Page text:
Many vessels require inert conditions throughout the catalyst unloading process, typically because pyrophoric scale on the catalyst can auto-ignite in the presence of oxygen (O2). Anti-panic helmets have been developed that consist of a clamshell design bolted to the occupant’s head. The helmet cannot be removed by its occupant—a design that has become standard best practice—after fatalities occurred due to technicians removing their helmets in the vessel. It is likely they had become claustrophobic and were not thinking clearly, potentially influenced by heat exhaustion. In operation, breathing air is supplied to keep the helmet at a slight overpressure.

Fatalities have occurred in the catalyst handling industry due to asphyxiation, exposure to heat and fire, falling from heights, pressure buildup and engulfment under catalyst.4 A study conducted by the US Chemical Safety Board identified 85 N2-exposure incidents in the US between 1992 and 2002, resulting in 80 deaths and 50 injuries.5 While improvements have been implemented, fatalities continue to occur.

In 2014, a catalyst handling worker was killed at a refinery in Germany. The worker was vacuuming catalyst from the bottom of the vessel when he reported hard sections of catalyst via the intercommunication system. Ten minutes later, the worker called for help and the safety crew initiated rescue activities. The worker reported that a wall of catalyst had collapsed on him and that he could feel heat coming from within the catalyst. Outbreathing from the helmet provided enough O2 to cause pyrophoric scale on the catalyst to ignite. Communication with the entrant gradually slowed, and then stopped. The burned body was recovered only after 350 ft3 of catalyst had been removed.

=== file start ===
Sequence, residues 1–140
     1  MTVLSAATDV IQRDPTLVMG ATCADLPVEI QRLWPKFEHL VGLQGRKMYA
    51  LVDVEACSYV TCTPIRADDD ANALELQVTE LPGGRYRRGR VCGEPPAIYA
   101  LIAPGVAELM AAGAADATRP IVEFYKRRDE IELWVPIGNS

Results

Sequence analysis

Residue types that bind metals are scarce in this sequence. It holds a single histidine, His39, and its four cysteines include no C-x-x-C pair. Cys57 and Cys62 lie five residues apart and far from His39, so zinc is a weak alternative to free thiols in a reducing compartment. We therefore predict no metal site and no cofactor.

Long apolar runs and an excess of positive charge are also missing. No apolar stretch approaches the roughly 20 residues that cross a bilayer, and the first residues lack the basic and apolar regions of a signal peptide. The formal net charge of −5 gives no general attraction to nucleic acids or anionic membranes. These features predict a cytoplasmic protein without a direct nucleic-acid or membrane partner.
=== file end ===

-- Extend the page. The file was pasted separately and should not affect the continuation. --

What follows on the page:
While fatalities present the ultimate risk, the health impact on catalyst handling technicians when performing manual vacuum operations is also significant. The ergonomic position taken by the worker is to crouch over in hot protective clothing while maneuvering a heavy vacuum hose around the vessel. They cannot drink water while inside the vessel because of the air supply system. To get out of the vessel for a break, they may need to climb 40 ft of ladder to reach the manway, which could be as narrow as 18 in.

Development of remote, robotic catalyst removal system. Early attempts to create a catalyst removal robot were made by Greg Kraus and Ray Arnold of Catalyst Services Inc. in Texas. With a patent published in October 2008, the design involved a vacuum line connected to an articulating nozzle, supported against the sides of the vessel using stabilizing arms.5 One of the key challenges the inventors likely faced was achieving a catalyst removal efficiency comparable to that of a person. Catalyst changeouts are often critical-path activities during a plant turnaround, meaning delays are costly for the operator. This challenge is likely what prevented the robotic arm concept from being commercialized.

The development team for the new system took a different approach. The aim was to develop a machine that sits on the catalyst and vacuums it while moving around. The “quicksand-like” characteristic of the catalyst was the critical parameter to overcome. The amphirol (screw-propelled vehicle) was selected (Fig. 3).